Times are tough for billionaire investors. Warren Buffett's top stock picks aren't working — whether it's IBM or American Express, the Oracle can't seem to catch a break.
Buffett had his worst year since the financial crisis in 2015, and hedge fund great Bill Ackman of Pershing Square Capital Management had his worst year ever in 2015, thanks to, among other things, the dramatic fall in controversial drug company Valeant Pharmaceuticals, a top pick. David Einhorn of Greenlight Capital apologized to shareholders for a bad year and big bet gone bad on solar company SunEdison, which he failed to take profits in before the stock tanked. Though he hasn't given up on SunEdison and now has been given a board seat at the company.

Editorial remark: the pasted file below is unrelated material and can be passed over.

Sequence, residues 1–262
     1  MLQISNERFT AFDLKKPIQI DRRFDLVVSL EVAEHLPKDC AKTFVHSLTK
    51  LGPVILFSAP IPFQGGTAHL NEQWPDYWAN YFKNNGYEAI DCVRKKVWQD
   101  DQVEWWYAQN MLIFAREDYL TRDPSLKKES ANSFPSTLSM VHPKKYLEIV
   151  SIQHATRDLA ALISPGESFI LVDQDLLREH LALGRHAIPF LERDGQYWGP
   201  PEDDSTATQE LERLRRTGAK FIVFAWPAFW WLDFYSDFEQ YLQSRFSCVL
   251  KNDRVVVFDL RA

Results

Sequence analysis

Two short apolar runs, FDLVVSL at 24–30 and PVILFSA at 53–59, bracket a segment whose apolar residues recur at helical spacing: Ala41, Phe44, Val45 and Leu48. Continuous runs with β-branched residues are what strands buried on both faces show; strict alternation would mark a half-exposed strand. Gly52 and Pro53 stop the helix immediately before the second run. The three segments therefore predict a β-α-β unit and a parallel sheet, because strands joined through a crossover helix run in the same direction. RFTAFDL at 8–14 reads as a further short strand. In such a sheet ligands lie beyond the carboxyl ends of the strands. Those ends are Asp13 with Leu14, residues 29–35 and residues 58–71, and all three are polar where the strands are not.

The volatile markets were supposed to be a time for stock pickers to shine. But it hasn't worked out that way.
Einhorn said a few years ago, "It doesn't make sense to blindly follow me or anyone else into a stock. ... Do your own work."
Indeed, it's never been harder to be a billionaire investor, but here's the catch: It's never been easier, either.
And it's the latter that should have the attention of individual investors.